It would require sexual harassment investigations regardless of whether a formal complaint was filed or the "unwelcome sex-based conduct" prevented a student from participating in an education program. "Limiting" a student's participation is enough.
While the revisions would not fully restore the Obama administration's "blueprint" that defined sexual harassment as “unwelcome conduct of a sexual nature," the Department of Education would once more give its "blessing" to colleges to violate free speech and due process, FIRE Legislative and Policy Director Joe Cohn told Just the News.
The proposal has "obvious contradictions" with federal court rulings on due process and tells colleges they must use a higher evidence standard in "open beer cases" if they want to protect the rights of students accused of much worse violations, he said.
Cohn said the feds misrepresented the Supreme Court's Davis ruling on student-on-student sexual harassment, which formed the basis of the Trump rules, to justify using an "approximation" of an employment harassment standard.
Davis said schools could be held liable when "harassment is so severe, pervasive, and objectively offensive" that it functionally "deprive[s]" students of access to education. The proposed rule uses two either/or standards -- "severe or pervasive" harassment that "denies or limits" access.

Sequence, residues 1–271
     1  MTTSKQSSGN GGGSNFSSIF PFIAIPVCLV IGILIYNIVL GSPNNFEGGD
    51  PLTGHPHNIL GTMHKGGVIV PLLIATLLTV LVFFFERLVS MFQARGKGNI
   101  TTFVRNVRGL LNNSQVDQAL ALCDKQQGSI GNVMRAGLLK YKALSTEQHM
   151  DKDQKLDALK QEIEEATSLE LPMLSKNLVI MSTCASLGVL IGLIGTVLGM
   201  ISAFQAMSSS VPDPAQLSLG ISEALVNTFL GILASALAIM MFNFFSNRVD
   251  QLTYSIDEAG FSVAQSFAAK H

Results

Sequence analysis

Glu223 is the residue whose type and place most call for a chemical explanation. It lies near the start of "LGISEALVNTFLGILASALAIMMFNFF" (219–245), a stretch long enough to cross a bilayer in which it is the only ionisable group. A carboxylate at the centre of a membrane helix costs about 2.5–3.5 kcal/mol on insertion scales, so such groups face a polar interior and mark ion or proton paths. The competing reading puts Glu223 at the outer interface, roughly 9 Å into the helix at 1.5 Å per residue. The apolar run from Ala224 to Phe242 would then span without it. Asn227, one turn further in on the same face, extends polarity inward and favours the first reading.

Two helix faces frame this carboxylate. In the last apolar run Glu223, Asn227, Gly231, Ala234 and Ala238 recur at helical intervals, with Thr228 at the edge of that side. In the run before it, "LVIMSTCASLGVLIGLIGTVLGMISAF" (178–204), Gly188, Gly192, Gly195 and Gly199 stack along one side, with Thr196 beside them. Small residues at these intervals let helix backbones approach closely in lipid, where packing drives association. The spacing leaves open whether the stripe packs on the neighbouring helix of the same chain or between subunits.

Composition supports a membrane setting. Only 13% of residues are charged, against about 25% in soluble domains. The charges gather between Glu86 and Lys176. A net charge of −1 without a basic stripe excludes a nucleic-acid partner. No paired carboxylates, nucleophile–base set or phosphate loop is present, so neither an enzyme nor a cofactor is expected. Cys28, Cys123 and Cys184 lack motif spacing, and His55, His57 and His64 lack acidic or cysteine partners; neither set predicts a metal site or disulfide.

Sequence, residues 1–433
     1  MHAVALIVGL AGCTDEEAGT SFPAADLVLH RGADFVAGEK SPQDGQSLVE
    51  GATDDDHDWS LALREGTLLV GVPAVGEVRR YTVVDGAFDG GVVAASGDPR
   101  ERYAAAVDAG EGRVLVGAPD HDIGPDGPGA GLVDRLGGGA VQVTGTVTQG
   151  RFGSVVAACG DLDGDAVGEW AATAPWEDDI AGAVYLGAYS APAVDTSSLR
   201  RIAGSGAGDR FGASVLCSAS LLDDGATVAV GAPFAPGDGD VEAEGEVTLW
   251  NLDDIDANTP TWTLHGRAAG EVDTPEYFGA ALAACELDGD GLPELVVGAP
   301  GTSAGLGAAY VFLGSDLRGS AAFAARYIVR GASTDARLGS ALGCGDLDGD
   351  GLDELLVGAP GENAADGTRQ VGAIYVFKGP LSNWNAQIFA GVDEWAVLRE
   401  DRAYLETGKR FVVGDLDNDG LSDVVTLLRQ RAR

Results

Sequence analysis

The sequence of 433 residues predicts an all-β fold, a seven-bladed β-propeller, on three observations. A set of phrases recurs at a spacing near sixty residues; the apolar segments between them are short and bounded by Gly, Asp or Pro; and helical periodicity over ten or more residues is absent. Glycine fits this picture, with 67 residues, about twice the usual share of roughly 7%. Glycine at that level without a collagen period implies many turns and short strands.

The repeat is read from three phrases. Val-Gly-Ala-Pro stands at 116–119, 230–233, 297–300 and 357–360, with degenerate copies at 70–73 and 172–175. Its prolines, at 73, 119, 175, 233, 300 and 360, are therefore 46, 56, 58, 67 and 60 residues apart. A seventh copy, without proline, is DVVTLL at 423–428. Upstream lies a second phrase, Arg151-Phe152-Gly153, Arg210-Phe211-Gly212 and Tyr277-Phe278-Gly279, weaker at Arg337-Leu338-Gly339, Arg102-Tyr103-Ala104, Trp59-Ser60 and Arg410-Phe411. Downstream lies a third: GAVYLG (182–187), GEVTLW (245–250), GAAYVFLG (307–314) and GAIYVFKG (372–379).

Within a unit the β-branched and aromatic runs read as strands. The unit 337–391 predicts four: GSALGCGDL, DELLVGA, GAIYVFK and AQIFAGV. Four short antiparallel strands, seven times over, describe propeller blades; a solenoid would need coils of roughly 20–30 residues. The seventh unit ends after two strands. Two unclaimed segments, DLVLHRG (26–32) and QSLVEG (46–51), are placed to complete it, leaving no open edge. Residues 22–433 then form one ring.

The feds justified bringing back the single-investigator model, which has faced skepticism from judges, by saying it could prompt more accusers to come forward and citing studies that found "questions asked in individual meetings … are more likely to produce the truth than adversarial methods like cross-examination."
The revisions incentivize schools to use the single-investigator model, where the parties can't hear testimony directly, by only requiring transcripts and audio recordings in live hearings, according to Brooklyn College historian KC Johnson, who has chronicled Title IX litigation going back to the Duke lacrosse scandal.
He noted the proposed rule only requires colleges to give the parties "descriptions of the relevant evidence … orally or in writing," not the evidence itself, as the Trump regulation requires.
"Without separation of the judge and jury roles, the proposed process risks increased prejudicial outcomes," Title IX consultant Marybeth Sydor wrote in a tweet. By not requiring live hearings or access to evidence itself, "Title IX due process protections have been eroded significantly."